The most fascinating aspect of the divide between the good people and the bad (to, of course, put it as simplistically as possible, for the moment) is that Don winds up with hope, whereas Peggy finds herself continuing to spiral downwards. Yes, Peggy has had a lot placed upon her, namely a man who said he loved her then disappeared and an incompetent boss. But she has also handled nearly every situation as poorly as possible. There are people who largely take their struggles with their shoulders held high (see: Joan, who has had it far worse than Peggy does now, but rarely shows any signs of weakness). Peggy, however, yells at her secretary who has done little wrong. She seems to feel a pang of guilt, but then follows this scene up by trying to get Shirley moved around the office, nearly mirroring the actions undertaken by Lou. Peggy and Lou are significantly different people, but here they both scapegoat, adding an uncomfortable layer to their relationships in the office. And last week Peggy botched her assignment, only giving Lou one good slogan. Even that slogan was a botched rephrasing of a much better one provided by Freddy/Don. Perhaps the most important thing Peggy says here is also the last: “all I know is that today was a work day and I didn’t get anything done”. She is tying this fact to the deceit of Shirley, but her secretary never stopped her from working. Life may have placed Peggy in a bad situation, but at this point she’s only exacerbating her own problems. Worse yet, she seems unable to realize who is truly at fault.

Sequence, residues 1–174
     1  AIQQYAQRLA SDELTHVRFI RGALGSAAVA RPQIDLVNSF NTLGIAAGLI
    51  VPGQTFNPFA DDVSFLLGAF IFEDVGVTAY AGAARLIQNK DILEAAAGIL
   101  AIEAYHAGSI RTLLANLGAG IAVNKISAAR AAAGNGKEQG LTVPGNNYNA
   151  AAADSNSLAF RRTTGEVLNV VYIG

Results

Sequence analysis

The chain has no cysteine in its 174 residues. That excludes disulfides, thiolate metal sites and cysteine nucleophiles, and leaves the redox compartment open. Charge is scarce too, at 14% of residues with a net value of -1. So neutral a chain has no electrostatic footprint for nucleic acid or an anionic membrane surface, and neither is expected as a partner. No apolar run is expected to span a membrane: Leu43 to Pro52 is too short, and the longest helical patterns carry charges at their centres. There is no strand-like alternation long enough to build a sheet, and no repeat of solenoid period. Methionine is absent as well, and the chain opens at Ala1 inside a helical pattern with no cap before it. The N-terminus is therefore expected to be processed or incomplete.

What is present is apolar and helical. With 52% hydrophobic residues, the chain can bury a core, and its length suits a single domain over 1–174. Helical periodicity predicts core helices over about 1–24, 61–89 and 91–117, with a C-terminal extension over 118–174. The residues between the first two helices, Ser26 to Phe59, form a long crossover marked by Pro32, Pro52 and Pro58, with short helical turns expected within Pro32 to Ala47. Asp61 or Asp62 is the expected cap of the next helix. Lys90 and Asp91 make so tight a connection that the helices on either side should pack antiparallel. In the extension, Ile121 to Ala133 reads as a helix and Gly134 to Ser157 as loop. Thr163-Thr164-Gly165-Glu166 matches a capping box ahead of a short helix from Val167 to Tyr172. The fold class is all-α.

Then there are the characters working towards a better future, and achieving steps both large and small. Joan is officially a significant part of the accounts team, even getting an office upstairs. To some degree, this may be Jim Cutler attempting to slap Roger as hard as possible. But she’s also earned the position, even if that’s not the explicit reason she’s receiving it. In this episode alone Joan grapples with the complaints of small-minded people who are more concerned with their pride than the quality of the lives around them. She complies, but begrudgingly, making it clear how infuriating behavior like Bert Cooper’s calm racism is.

While Joan is certainly moving upwards, Dawn may be the one who jumps the furthest in “A Day’s Work”. For a lot of her time on the show, she’s been more of a background player, but this episode proves how vital she is (to Don, and to Lou even if he fails to realize it). And just as importantly, how good of a person she seems to be. Herein lies the reason for the conversation between Shirley and Dawn, beyond great entertainment. Even, in her most candid setting, Dawn shows respect to people that quite possibly don’t deserve it. She brings Don coffee and sweetener when she sees that he’s out, for no reason beyond thinking he’d need it. What character on this show has ever been this kind? Thankfully, her actions get her Joan’s old job, which seems much more significant going forward than it does in the short scene where she takes the office (though her face when the phone rings may be the episode highlight). Whether it remains a story going forward or not, Dawn has proven that both being good at work and being good as a person can pay dividends.